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Genetic control over MS progression

By | November 29, 2001

Genes influence not only susceptibility to multiple sclerosis, but also the processes underlying its progression.

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Human cloning success triggers review of regulations

By | November 29, 2001

The announcement that a human embryo has been cloned reignites the legal and moral debates.

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Regulating the hypoxia response

By | November 29, 2001

Hypoxia-inducible transcription factors (HIFs) control the changes in gene expression that are critical for allowing cells to adapt to limited oxygen levels. In the November 29 Nature, Yuichi Makino and colleagues describe the cloning of a new inhibitor of the transcriptional response to hypoxic conditions (Nature 2001, 414:550-554).Makino et al. mined mouse EST databases in search of HIF homologues and identified a new gene, IPAS, encoding a protein containing a motif (bHLH PAS) that is found i

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Predicting promoters

By | November 28, 2001

Finding the beginning of genes within genomic sequence presents a formidable challenge to projects to annotate the human genome sequence. In the Advanced Online Publication of Nature Genetics Ramana Davuluri and colleagues at Cold Spring Harbor Laboratory, in New York describe a bioinformatic strategy to predict gene promoters and first exons (Nat Genet 2001, DOI: 10.1038/ng780).They developed a new program, called FirstEF, that attempts to predict the starts of genes. They collected over two th

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Radiation resistance genes discovered

By | November 28, 2001

Analysis of gene function in radiation exposed yeast cells reveals many more cellular pathways are affected than previously thought.

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Which antiretrovirals?

By | November 28, 2001

There are currently 17 different antiretroviral drugs available for the treatment of HIV, but the efficacy of a specific drug for a particular individual is very difficult to predict. In November 24 Lancet Michael Polis and colleagues from the National Institute of Allergy and Infectious Diseases, Bethesda, US, show that changes in HIV-1 concentration at day 6 after the start of antiretroviral treatment is a good early measure of individual long-term responses.Polis et al. analysed the kinetics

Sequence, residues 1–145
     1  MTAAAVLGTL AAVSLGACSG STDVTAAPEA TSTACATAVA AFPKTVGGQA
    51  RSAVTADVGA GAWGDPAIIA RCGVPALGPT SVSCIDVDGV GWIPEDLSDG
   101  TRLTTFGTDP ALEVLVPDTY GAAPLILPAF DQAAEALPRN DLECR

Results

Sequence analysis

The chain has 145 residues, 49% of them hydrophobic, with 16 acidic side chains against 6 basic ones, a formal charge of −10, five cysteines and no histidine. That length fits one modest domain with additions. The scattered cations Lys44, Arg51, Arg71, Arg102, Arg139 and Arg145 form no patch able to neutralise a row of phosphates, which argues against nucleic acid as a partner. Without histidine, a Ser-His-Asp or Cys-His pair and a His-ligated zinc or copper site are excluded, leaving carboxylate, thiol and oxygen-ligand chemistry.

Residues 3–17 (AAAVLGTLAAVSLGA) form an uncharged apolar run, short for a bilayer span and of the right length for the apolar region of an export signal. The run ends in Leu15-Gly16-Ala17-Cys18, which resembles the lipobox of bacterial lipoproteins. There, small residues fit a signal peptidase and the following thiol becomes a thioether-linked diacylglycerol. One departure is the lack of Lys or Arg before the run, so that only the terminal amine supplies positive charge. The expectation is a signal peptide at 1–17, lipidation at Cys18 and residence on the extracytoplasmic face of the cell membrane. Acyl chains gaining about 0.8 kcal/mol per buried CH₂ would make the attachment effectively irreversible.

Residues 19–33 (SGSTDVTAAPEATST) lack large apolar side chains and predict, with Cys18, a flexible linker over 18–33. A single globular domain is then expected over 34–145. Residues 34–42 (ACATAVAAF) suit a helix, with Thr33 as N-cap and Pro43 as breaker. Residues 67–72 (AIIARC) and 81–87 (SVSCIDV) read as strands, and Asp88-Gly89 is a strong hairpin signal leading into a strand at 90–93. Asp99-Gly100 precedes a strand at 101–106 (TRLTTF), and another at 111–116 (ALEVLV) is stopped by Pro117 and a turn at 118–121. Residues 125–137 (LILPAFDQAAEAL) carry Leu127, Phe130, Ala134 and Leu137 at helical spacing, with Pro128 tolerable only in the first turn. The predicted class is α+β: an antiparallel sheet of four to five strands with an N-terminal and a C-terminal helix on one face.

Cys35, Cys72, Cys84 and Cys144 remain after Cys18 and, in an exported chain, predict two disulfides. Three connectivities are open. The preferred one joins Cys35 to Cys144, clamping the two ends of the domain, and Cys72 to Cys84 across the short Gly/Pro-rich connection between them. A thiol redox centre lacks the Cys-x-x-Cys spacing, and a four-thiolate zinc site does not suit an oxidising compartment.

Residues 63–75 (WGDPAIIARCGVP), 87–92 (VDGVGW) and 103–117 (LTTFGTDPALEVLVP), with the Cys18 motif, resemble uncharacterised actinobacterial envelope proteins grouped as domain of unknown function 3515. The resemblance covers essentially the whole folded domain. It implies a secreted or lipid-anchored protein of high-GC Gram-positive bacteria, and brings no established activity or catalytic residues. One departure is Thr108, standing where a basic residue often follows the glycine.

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Dendritic vaccination for HIV patients

By | November 27, 2001

, a frequent opportunistic infection of immunocompromised hosts.

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Type I diabetes protective peptide

By | November 27, 2001

A modified cell surface peptide could herald a breakthrough in the treatment of autoimmune diseases.

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Arsenic and old telomerase

By | November 26, 2001

Although arsenic is effective in the treatment of acute promyelocytic leukemia it also has carcinogenic side effects, but the exact carcinogenic mechanisms remain unclear. In November Journal of Clinical Investigation Wen-Chien Chou and colleagues from Johns Hopkins University School of Medicine, Baltimore, US show that at clinically relevant doses arsenic inhibits the transcription of the reverse transcriptase subunit of the human telomerase gene (hTERT).Chou et al. found that exposing NB4 leuk

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Limited variation

By | November 26, 2001

Small differences in DNA sequence are thought to account for the wide variation between people. In the November 23 Science, Nila Patil and researchers at Perlegen Sciences Inc. in California, suggest that the differences might be less than we had thought (Science 2001, 294:1719-1723).They set out to map a large number of common single nucleotide polymorphisms (SNPs) on human chromosome 21 and to define their haplotype structure. They took a panel of 24 individuals and used a rodent-human somatic

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